years. They diagnosed me for black lung. They done a chest X-ray. They also have found some nodules in my lung. DR. PAULA HILL: We are overwhelmed here at the
Health Wagon. We have went to over almost 9,000 patients,
and we have a staff of less than 20. Every year, we have an outreach clinic event
called Remote Area Medical. You will see them standing in line for dental
care, for medical care, for vision. We have found people with dissecting aortic
aneurysms that’s had to be flown out. We have had patients have stroke right there
in front of us at these Remote Area Medical events. We have had brain tumors that have been discovered,
lung cancers that have been discovered. And every year, it’s like this. We keep thinking, well, is it ever going to
get better? Is anybody going to help these forgotten people? They’re like something you would see in a
Third World country. JOYCE CAMPBELL: The Obamacare could have helped
some people. I say it needs to be replaced. TINA BEAN: I hope that they can replace it. I know it’s not going to be something they
can do overnight, because the mess didn’t come overnight. JEFF TILLER: When I first started hearing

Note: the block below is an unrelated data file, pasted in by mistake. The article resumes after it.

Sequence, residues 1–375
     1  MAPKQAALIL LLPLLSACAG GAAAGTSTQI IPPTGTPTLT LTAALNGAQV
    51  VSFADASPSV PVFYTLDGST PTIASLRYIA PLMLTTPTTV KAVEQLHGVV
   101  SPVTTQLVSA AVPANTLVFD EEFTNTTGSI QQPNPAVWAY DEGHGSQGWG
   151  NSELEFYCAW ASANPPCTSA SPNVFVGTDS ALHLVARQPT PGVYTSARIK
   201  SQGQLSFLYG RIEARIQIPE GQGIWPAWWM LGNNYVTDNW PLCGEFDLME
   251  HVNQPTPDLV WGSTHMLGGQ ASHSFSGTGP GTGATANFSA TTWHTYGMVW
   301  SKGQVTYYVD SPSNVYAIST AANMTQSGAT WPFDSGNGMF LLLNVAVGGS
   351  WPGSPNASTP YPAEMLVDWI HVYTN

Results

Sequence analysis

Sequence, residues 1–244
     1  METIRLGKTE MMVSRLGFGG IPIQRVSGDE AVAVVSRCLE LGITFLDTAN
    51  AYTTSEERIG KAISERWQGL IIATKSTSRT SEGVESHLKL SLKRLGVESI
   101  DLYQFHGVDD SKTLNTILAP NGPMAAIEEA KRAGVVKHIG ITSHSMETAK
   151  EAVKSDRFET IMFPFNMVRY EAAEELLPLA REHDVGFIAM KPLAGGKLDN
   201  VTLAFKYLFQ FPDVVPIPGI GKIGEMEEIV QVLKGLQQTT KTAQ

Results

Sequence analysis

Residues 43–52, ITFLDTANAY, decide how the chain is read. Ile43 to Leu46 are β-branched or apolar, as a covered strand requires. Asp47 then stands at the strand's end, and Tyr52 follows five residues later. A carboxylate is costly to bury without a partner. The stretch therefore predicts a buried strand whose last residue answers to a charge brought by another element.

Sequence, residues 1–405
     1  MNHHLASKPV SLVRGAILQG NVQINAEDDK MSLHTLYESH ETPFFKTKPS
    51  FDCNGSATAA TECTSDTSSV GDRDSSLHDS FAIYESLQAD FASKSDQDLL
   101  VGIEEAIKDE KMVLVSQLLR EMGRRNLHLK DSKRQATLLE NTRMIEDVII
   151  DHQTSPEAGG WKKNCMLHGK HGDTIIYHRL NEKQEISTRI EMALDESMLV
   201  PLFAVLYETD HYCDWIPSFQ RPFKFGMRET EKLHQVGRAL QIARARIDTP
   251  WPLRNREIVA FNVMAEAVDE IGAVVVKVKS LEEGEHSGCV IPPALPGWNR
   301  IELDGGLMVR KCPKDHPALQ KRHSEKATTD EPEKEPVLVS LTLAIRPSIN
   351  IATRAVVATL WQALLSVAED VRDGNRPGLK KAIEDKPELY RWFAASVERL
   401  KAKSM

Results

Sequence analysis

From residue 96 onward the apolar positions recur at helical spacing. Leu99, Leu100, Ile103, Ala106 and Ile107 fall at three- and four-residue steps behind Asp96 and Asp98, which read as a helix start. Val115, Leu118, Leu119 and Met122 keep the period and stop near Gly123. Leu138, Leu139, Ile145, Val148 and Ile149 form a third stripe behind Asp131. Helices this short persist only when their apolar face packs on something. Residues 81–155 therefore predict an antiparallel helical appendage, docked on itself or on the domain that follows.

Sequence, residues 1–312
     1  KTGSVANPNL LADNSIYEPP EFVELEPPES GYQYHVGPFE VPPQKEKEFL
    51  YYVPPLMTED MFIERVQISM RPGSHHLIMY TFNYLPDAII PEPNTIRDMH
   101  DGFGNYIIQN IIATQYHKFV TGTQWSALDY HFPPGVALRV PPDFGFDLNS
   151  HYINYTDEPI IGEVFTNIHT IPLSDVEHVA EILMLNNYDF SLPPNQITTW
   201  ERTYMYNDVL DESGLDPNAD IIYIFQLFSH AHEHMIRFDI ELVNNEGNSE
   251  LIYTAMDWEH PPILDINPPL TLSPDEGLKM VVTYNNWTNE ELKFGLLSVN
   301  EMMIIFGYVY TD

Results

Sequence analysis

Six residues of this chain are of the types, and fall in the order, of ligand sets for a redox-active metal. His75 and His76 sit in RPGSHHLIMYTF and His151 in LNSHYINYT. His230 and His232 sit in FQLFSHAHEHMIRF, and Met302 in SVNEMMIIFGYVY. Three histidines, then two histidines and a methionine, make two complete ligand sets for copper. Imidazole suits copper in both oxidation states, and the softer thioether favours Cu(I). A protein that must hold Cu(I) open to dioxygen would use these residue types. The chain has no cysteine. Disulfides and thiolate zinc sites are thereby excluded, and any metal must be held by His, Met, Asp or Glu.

that Obama getting ready for health care, Obamacare, I thought that was great. We tried it. We got it. Does it have faults? Yes, it does. Is it working? Yes, it is. And I know right there in my hometown of people
that’s got insurance through the Affordable Care Act. And you reverse it, they lose their insurance. WOMAN: If all of this goes through, I probably
won’t have anything. I don’t know how I’m going to get covered. DR. PAULA HILL: Because of the preexisting conditions? WOMAN: Yes, right. And I have had it for years. DR. PAULA HILL: If the Senate plan actually passes,
there will be deep cuts to Medicaid. Even though Virginians didn’t expand, what
they are paying out is going to be even — subjected to even more cuts. Then you have the preventive care that’s being
discussed that they’re not going to be paying for anymore. Just because it wasn’t a perfect plan, it
doesn’t mean do away with the whole thing. Why can’t we build on it and repair it, not
take it away and then start over with another plan that’s not perfect and not ideal? JOYCE CAMPBELL: It helped the insurance company,
because they made all kind of money off of it. But, as far as helping a lot of poor people,
it didn’t, and it still isn’t. Now, we cannot afford the high cost like Obama
had there. There’s no way that people in Southwest Virginia
can handle it. Now, maybe up Washington, or way up where
there’s money and jobs, you could. But there’s neither money nor jobs here. TINA BEAN: They need to do something to help
it. And, hopefully, the administration now, maybe
they will do something. JOYCE CAMPBELL: Washington, come to Southwest
Virginia. DR. PAULA HILL: Come down here and look in their
eyes. And don’t forget where you came from. Don’t forget who put you in the position that
you’re in. JOYCE CAMPBELL: Check the people. Look at them. Go sit on the streets. Go bring your car and park it and look at
the people that are hurting. And then, if you have got a heart, you will
know what it needs.